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Monday, June 07, 2010

Don't Call Them Beers

A number of folks were linking to an interesting article about the current arms race to make the strongest eisbock. As recently as 2007, Boston Beer's Utopias had the record for alcohol strength at 27%, but beginning last year, two breweries struggled to best each other, pushing the record all the way up to 43%. The principal competitors are Scotland's BrewDog and Germany's Schorschbräu. Apparently the ultimate goal is 50%--well above the typical alcohol percentage of a bottle of liquor.

The article, which does a nice job charting the history of strong beer, is intriguing--but the arms race less so. The road to a 43% beer involves a kind of distillation, not brewing. In brewing, alcohol is produced by yeast; it's actually yeast's excrement, a chemical byproduct of the conversion of sugars. At high enough levels, alcohol becomes toxic to yeast, so there's a natural ceiling for the amount of alcohol you can get through normal fermentation.

The process of making eisbock--which is what all these super-strong beers are--involves dropping a beer to a temperature below the freezing point of water but above the freezing point of alcohol. What results is a half-frozen cask. Remove the ice and you've taken just water, leaving more concentrated liquor behind. (Normal distillation involves heating liquid to separate compounds--but this violence would damage beer in a way freezing can't.) In order to get beer as strong as liquor, you have to refreeze a batch over and over again. Here's Georg Tscheuschner, the record-holding brewer at Schorschbräu:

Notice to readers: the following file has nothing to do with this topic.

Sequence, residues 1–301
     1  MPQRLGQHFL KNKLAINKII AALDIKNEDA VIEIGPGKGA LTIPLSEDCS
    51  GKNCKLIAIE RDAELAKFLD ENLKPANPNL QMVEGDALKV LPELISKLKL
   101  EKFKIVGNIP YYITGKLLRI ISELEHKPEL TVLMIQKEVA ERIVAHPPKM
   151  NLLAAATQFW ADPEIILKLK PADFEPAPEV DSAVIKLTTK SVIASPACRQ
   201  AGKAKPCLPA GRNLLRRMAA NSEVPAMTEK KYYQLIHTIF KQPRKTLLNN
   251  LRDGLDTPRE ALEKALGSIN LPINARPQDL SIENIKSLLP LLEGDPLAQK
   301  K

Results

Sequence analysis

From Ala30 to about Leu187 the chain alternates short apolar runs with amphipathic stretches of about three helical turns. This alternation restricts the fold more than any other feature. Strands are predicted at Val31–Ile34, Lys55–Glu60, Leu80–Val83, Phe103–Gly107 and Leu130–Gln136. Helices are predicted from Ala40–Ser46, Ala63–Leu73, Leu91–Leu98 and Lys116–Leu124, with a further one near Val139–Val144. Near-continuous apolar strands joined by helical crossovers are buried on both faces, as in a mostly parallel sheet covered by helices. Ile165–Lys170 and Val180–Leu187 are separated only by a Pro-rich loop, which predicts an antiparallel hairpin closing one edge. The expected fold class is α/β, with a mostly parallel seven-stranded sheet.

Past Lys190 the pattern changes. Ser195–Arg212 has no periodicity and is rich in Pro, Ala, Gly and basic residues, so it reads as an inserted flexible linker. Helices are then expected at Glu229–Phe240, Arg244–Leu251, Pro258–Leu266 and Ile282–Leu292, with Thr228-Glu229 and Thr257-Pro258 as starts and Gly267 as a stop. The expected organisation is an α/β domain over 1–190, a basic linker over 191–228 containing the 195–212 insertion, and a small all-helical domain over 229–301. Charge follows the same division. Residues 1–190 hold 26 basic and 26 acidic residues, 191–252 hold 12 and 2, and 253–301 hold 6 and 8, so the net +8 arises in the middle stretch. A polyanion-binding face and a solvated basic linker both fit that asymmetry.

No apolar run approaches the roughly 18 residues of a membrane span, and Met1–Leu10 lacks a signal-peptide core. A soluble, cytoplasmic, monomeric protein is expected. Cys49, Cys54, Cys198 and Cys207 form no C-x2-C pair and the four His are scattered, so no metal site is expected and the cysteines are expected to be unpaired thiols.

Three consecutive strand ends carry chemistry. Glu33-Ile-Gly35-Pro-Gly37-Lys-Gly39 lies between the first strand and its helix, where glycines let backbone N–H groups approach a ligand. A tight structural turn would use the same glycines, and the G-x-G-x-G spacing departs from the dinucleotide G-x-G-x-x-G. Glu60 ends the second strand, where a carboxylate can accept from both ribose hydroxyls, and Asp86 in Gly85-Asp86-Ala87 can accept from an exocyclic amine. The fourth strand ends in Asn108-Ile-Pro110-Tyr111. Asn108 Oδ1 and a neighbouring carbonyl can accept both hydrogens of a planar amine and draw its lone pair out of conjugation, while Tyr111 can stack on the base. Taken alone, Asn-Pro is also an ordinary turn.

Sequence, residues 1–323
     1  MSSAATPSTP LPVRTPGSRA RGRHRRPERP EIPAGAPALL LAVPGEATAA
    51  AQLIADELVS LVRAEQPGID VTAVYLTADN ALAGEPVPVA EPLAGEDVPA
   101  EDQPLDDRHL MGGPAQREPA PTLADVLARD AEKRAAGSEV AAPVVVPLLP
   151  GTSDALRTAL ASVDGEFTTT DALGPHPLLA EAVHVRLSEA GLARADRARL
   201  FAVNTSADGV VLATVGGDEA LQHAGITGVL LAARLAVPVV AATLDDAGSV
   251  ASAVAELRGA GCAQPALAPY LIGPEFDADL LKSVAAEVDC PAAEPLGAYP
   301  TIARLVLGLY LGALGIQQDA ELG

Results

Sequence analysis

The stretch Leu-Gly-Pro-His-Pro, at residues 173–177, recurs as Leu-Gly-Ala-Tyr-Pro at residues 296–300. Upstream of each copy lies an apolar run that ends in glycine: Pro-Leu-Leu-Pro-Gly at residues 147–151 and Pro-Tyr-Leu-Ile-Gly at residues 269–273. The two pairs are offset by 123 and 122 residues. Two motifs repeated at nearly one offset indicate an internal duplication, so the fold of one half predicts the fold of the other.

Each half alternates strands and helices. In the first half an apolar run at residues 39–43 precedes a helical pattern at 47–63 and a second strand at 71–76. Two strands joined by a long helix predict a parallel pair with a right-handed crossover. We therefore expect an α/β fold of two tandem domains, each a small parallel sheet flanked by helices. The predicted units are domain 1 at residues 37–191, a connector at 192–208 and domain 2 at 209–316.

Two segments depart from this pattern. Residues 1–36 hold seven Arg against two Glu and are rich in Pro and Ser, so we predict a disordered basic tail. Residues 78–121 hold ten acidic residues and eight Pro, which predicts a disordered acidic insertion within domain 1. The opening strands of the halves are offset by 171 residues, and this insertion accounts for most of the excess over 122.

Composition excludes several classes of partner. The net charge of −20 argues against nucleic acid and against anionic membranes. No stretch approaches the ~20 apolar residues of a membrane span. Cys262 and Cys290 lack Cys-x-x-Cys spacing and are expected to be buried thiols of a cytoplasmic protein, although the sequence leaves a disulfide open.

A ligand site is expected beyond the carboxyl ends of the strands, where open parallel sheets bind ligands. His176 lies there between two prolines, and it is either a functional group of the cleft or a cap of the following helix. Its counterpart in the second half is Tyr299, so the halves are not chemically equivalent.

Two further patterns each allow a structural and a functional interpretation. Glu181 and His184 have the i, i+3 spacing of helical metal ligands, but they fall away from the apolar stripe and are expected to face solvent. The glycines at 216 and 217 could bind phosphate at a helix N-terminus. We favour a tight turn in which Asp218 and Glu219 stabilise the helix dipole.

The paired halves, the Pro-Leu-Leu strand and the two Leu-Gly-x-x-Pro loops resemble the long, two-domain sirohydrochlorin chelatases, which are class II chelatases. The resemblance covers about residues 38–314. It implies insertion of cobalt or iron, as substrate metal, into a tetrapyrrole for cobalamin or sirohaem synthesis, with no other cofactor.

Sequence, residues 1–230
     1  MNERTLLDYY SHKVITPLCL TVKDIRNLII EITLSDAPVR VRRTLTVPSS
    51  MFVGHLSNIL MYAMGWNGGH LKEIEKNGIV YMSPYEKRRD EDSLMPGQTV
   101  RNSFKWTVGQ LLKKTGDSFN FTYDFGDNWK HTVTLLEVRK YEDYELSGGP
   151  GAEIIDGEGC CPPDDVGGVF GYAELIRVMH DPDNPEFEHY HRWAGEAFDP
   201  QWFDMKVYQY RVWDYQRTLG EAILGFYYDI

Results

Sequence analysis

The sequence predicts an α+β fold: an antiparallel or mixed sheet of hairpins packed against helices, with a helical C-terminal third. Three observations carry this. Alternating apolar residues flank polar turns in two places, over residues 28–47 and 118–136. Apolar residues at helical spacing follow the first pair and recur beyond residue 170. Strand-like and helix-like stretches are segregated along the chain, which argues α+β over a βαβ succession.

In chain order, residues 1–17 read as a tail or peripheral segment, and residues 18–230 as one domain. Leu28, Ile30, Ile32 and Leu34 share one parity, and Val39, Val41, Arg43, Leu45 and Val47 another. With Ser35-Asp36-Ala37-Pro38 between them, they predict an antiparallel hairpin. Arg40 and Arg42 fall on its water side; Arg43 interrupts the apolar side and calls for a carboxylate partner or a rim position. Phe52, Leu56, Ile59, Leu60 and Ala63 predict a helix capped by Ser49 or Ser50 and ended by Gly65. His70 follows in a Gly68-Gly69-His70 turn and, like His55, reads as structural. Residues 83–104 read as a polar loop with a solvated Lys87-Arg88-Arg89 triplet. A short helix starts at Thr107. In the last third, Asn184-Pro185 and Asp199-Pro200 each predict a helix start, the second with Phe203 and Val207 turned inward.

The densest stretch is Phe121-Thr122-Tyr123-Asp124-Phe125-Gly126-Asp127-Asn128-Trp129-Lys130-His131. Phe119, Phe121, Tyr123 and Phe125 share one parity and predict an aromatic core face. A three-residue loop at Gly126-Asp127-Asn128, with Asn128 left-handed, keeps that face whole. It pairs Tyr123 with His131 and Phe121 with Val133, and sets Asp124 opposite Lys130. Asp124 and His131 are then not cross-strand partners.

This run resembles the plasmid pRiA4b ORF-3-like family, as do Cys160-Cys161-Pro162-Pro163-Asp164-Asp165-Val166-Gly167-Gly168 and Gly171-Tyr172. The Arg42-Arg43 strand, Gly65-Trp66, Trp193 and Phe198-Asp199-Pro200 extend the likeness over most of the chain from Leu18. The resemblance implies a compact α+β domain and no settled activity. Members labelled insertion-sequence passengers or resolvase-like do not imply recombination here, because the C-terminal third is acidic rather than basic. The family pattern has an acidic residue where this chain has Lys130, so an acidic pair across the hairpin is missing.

“To create the 43% beer, I had to filter around 15 times”, said Tscheuschner. “I actually lost count, but I think it was 15 times. You end up with only 50 litres from the 800-1000 liters that you started with. You need to do a lot more filtering to get a beer from 32% to 43% alcohol because whereas in the first filtering (of the ice), you might add say 5 or six percent ABV, but towards the end of the filtering process, it's maybe even less than 1% additional ABV for each filter. Towards the end it becomes very difficult.”
I don't have any problem with eisbocks, but their increasing popularity means we're hearing more and more about 80-proof "beers." These aren't beers. Scotch begins with an unhopped beer and goes through distillation; we call it whisky. When beer is subjected to freeze distillation and is transformed into a liquor of 43% alcohol, it's not beer anymore. Too bad the term "malt liquor" has already been used. Beer liquor? I don't know; just don't call them beers.



  1. Are these beers still naturally carbonated? It does seem to bridge the gap between whisky and beer. New meaning to "brewsky" perhaps...

  2. Barleyjack seems applicable; given the similarity to the making of process for making Applejack.

    Wipik saith: ' . . . made by concentrating hard cider, . . . by the traditional method of freeze distillation . . .. The term applejack derives from jacking, a term for freeze distillation.'

  3. I agree that they are no longer beers. I have been troubled by the recent trend to be more "extreme". I wonder if it takes the focus away from making a truly wonderful, drinkable beer. I include doubles and imperials. While it may promote creativity and experimentation, I think it takes away from the classic styles. I for one find myself reverting back to the classics for the pure and palatable beauty. And, I'm not sure the cost is always justified for a bottle of high alcohol "beer". They seem too much like novelties.

    I also worry about how the trend is influencing beer drinkers. As a homebrewer, I was a bit surprised to get back a score sheet for a 100+IBU beer saying that it wasn't hoppy enough. Might as well make a hop tea with a splash of grain alcohol if no one cares about a malt backbone to support the bittering.

    Just my rant about the race to be extreme.